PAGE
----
Wait! It’s already time to prepare for Easter? Isn’t Easter still months away? Yes, but Lent starts soon. Something I’ve been mulling over for a while.
Lent is a new concept for me. Most people I’ve talked to think it’s a thing Catholics have to do before Easter, but I’ve also begun to hear the word Lent used more and more in evangelical circles. The word Lent itself is not from scripture, but has more of a “spring” or “lengthening of light” meaning, just like the word Easter. I don’t love using the word “Lent,” but like Easter, I’m not going to throw it out of my vocabulary entirely (although I understand why some would). Both are universal words that will come up often in conversations and I hope to point to Christ as I share how our family uses the words. Whether you call it Lent or something else, preparing for Resurrection Sunday may be one of the biggest events you put on your calendar….bigger than Christmas! Our family is going to celebrate Lent starting March 1st, but I’m honestly wrestling in my heart with what it should look like both personally and with my family. There are many ideas out there and room for creativity as long as you understand the heart behind the season of Lent.
Where Christmas feels like an exciting mystery and a party; Lent feels like a rollercoaster of sadness and relief. It’s the 40 days of fasting during the week and feasting on Sundays that makes it feel that way. Lent actually was formalized and put on the church calendar as a time of organized prayer and fasting during the Council of Nicaea, the same council that formed the canon of the Bible. The term Lent was used for this Pre-Easter fast and if I’m understanding the heart behind this very formal tradition, the hope was that people would stop and prepare their hearts for the sadness of the cross and relief of the resurrection by fasting and feasting.
There are two sides of this preparation that I’m considering – the part that is visual (symbols, feasts, and stories), and the part that is private (personal searching and closeness with God that happens in a fast). The visual part is easy to schedule on the calendar by attaching them to certain days as you walk with Jesus through the events leading up to the cross. But can you schedule heart searching and fasting on the calendar? This is where my mind goes back and forth. I want to say that it’s natural for me to stop and search my heart with God regularly, and that fasting comes up often. But my heart doesn’t naturally go there. More often God brings me into that wilderness and I must stop for the sheer survival of it. But choosing and planning to enter the wilderness for the season of Lent by writing the fasts and feasts on the calendar worries me, and yet I long for that closeness with God at the same time.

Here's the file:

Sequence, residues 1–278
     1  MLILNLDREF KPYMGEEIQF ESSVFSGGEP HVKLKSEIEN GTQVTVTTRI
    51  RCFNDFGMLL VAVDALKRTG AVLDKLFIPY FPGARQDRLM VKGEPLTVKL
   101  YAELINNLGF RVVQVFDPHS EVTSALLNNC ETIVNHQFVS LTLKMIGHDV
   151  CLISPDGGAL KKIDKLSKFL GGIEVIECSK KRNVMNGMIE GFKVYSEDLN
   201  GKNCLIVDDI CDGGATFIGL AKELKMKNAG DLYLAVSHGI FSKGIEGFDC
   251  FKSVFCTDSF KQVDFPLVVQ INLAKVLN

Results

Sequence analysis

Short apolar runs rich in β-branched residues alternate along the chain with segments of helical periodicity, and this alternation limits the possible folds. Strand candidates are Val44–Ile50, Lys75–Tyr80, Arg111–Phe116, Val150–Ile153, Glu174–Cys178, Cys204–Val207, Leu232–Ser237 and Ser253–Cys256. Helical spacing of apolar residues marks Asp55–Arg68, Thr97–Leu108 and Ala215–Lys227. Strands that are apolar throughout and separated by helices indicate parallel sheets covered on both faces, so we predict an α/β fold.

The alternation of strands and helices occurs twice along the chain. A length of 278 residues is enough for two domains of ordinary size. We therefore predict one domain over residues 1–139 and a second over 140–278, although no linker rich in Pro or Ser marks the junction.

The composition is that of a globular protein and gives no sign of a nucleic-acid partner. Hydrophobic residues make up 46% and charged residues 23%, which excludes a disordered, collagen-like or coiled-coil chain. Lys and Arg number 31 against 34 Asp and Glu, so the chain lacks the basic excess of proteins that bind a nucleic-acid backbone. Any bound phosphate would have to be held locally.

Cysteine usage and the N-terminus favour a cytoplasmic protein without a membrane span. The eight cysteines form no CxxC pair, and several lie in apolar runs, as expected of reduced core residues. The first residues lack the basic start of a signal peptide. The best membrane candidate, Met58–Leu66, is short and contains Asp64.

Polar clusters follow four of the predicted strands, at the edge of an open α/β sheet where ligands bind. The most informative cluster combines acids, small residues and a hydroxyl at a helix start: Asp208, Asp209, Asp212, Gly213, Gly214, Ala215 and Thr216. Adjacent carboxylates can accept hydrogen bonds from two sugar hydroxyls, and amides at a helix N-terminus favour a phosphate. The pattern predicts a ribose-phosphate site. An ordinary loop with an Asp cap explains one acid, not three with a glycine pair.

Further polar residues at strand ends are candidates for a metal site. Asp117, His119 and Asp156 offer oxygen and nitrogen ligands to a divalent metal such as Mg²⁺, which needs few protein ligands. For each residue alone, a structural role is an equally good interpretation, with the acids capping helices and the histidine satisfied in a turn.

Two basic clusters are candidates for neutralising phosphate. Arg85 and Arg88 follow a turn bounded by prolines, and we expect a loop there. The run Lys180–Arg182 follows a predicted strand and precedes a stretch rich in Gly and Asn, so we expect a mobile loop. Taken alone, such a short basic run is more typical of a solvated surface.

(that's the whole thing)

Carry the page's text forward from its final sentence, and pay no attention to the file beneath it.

“What if it becomes a ritual that my mind goes through but my heart isn’t in it?”
“Can you schedule God’s work on a heart?”
I will do something for the Lent season because preparing for the Resurrection celebration is vital to me. I have ideas for the visuals that I will journal about as our family goes through them. But personally, I’m still unsure how to prepare my own heart. I think I’ll start Lent talking to God about it, maybe some clarity will come as I walk through it. This year Lent starts March 1st… whether you choose to follow Lent, schedule a fast, or wait for God’s leading, wouldn’t you agree that Christ’s Resurrection deserves more attention and preparation than a meal plan, spring decorations, and new outfits?
Below are some resources I’ve appreciated on the subject of Lent and Easter.
everthinehome.com click on the holiday button under the Blog through FamilyLife today. Find the category for Easter.
desiringgod.com website. Look for Noel Piper’s articles and her free book called Treasuring God in Our Traditions.
jellytelly.com. click on the Blog for articles on holidays. Search Easter.